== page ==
That may sound harsh and well it is meant to be. If you are co-parenting with someone who destroyed you emotionally it will be difficult to get over your emotions. I say it should take about two years to get over the hurt that was caused in the breakdown of that relationship. Once you hit the two year mark of co-parenting, you should have been able to work through the hurt and be a better co-parent to your kids. Take up to two years to see a counselor, work through demons from the relationship and figure out a way you can come to peace with knowing your ex hurt you but the kids shouldn’t pay for it. You are just as imperfect as your ex, so get over yourself.

Never Utter a Mean Word

Kids hear everything, even when you think the kids are not listening, they are! Learn to never utter a mean word about the other parent whenever the kids are awake. Part of co-parenting is working together to raise your children without harming their self-esteem and love for their other parent. While you may see fault in the co-parent, the kids do not see this. All kids see is that their Mom and Dad love them, care for them and are there for them. Allow your kids to learn the faults in their parents on their own, it is not up to you to brainwash the kid to hating their other parent. If you must vent about the co-parent do so on a kid-free weekend/night or when they are fast asleep and there’s no chance they will hear you.

Accept the Other Parent’s Rules

You and the other parent will rarely have the same exact rules. Learn to accept that the other parent has their set of rules and it is not your place to step on their toes. If your kids come home saying that they are allowed to do something at their other parent’s house and you are not okay with it, set up a meeting to discuss this concern with the co-parent in a way that leads to resolve. When the co-parent refuses to budget on their rules, simply accept it and teach your kids that Mom and Dad have different rules. That Mom and Dad live in different houses and that’s part of having two homes, they get to have different rules and it’s kind of exciting, right?! Make it fun but respectful. Encourage your kids to respect rules regardless of which home they are in.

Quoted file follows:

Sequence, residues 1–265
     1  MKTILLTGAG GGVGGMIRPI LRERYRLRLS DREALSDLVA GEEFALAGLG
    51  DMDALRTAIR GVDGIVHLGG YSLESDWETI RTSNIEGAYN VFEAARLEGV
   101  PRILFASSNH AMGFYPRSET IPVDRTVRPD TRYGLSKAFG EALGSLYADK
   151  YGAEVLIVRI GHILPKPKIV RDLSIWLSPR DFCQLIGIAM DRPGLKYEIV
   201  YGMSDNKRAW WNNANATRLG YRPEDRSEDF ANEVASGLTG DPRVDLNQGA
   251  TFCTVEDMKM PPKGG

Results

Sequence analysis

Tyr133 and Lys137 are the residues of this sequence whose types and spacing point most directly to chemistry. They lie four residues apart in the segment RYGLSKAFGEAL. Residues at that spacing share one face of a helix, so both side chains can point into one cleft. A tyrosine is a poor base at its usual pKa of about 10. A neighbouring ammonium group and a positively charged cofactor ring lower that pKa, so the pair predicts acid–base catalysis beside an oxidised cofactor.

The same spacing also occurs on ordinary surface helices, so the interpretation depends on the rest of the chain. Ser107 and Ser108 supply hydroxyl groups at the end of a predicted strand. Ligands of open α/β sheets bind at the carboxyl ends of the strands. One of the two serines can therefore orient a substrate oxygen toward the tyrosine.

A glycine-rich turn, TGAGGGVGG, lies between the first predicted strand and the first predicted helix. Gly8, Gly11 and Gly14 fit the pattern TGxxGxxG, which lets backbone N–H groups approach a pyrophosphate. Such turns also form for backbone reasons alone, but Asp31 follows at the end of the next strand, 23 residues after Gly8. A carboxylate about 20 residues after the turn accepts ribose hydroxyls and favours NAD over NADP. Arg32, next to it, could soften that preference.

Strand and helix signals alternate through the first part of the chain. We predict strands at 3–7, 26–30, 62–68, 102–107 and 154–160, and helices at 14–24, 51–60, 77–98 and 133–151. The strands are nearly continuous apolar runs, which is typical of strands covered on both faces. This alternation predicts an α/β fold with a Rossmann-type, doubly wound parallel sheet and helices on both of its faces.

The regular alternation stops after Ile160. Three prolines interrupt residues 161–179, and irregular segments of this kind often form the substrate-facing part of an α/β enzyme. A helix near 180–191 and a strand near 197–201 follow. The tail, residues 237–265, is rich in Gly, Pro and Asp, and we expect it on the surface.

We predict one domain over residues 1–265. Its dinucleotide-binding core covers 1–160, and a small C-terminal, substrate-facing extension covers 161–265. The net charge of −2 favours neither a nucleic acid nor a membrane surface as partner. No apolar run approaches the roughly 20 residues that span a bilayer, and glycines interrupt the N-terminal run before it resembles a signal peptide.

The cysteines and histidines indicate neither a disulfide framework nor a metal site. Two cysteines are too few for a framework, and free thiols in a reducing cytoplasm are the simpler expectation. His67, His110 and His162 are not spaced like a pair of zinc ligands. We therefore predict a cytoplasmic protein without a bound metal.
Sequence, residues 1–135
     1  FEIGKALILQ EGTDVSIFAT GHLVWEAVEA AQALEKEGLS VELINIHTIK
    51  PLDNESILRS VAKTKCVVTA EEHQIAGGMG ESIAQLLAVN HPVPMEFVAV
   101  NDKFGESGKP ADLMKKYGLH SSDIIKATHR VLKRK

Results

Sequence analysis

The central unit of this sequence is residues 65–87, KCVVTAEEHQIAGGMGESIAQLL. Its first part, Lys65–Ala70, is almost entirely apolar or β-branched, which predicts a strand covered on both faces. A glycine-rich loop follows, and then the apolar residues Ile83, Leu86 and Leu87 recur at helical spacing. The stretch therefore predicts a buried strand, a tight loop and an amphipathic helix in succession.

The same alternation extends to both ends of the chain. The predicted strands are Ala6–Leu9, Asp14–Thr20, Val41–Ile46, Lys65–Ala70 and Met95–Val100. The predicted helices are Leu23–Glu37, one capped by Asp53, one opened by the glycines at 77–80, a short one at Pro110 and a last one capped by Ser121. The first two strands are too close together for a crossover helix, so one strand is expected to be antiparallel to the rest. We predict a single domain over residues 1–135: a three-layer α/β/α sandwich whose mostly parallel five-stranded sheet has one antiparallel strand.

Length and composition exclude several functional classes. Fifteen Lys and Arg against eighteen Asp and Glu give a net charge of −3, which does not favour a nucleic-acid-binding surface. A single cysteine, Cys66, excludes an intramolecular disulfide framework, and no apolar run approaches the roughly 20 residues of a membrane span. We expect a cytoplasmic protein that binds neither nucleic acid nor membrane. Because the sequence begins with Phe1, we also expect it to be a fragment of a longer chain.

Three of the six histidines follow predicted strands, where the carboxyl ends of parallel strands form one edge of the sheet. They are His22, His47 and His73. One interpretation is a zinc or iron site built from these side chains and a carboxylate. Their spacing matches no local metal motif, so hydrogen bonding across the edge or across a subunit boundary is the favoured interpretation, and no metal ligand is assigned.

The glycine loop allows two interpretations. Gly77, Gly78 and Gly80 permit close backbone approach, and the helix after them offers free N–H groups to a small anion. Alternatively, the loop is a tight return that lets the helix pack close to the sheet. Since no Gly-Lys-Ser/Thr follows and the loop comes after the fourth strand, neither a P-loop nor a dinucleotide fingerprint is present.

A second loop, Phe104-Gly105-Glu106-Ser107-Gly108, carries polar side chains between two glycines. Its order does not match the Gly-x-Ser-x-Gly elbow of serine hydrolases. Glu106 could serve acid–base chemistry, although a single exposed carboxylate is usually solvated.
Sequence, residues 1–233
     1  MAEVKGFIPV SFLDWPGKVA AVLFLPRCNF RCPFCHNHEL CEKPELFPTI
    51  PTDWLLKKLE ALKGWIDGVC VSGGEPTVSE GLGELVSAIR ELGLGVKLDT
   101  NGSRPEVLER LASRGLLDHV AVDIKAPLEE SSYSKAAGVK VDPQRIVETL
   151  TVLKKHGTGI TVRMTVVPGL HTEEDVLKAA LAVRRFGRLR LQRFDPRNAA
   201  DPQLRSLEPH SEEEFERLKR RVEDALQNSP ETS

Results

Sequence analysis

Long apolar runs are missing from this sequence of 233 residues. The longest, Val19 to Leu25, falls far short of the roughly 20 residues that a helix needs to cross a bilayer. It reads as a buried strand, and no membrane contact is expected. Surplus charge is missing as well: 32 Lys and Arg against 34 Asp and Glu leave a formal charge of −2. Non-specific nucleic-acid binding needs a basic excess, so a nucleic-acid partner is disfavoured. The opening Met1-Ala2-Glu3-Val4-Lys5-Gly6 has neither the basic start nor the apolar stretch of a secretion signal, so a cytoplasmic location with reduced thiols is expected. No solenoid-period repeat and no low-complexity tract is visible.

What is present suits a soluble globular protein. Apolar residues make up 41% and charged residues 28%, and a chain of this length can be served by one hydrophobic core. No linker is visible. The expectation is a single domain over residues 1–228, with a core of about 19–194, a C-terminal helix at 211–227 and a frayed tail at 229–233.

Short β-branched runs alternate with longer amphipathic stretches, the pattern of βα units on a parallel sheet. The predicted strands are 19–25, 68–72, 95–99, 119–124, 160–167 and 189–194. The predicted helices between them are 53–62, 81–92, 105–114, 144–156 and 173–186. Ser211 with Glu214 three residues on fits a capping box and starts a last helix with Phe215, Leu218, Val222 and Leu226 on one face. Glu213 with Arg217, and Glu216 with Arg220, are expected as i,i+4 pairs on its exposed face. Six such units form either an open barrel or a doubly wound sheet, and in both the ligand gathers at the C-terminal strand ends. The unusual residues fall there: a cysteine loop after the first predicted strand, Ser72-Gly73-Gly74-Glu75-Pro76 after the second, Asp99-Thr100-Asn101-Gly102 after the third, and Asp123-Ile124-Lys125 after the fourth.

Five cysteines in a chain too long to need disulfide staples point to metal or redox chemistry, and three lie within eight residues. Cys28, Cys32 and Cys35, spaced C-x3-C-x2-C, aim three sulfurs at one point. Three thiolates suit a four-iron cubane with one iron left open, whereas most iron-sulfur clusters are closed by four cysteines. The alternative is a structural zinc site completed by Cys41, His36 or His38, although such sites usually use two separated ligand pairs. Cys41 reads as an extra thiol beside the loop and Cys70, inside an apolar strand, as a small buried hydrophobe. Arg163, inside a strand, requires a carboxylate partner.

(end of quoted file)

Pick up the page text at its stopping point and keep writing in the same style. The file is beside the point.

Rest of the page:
Learn from the Co-parent

Sometimes you can learn from having different rules in the other parents home. In my scenario for example, my first born is my eldest of 3 children so how I treat her is different than her Dad because she is her Dad’s only child. Get what I mean? Each of us could possibly learn something from another because of our differences in our daughter’s “birth order” for each household. Take time to learn from your co-parent, each of you should still be able to learn something new in the parenting world without attacking. Sometimes the answer on how to handle opposite rules in the other parent’s home is to figure out why they have that rule, why they think that way and truly hear them out. You can still keep your own set of rules, but understanding why they have these rules will help you be a better co-parent to your kid. When you understand why the co-parent has this rule, you can better teach your kid to respect that rule because you have taken the time to hear why the co-parent has this rule.

[clickToTweet tweet=”It isn’t easy to co-parent with someone who is the complete opposite of you #coparenting ” quote=”It isn’t easy to co-parent with someone who is the complete opposite of you #coparenting “]

There you have it a few ways you can learn how to handle opposite rules at the other parent’s home. Mind you, co-parenting is rarely as easy as I make it sound typing it out on paper but I am blessed in that I have one co-parent who I constantly have to comprehend where he’s coming from to try to respect and teach my daughter to respect him while the other co-parent and I can communicate, get on common ground and be peaceful at all times when it comes to raising our sons. The joy of having opposite co-parenting scenarios is that I can try my best to help others see how co-parenting doesn’t have to be a nightmare. You truly can find middle ground to make it work!

Co-Parenting Tips for Divorced Couples

Joint custody arrangements after a separation or divorce can become quite stressful. Each parent will have to learn how to let go of the desire to have their child all of the time. Sharing children after a divorce or separation is a matter of fact, unless there is a case of abuse to the children or ex-parent. More often than not the court wishes to have the two parents create a parenting plan that will work for them and their children. The court systems will usually try to get each parent to communicate, most states require the parents to take a child impact seminar that is geared towards teaching co-parents to parent together, treating their relationship much like a business.

Parent Influence Co-parenting Tips for Divorced Couples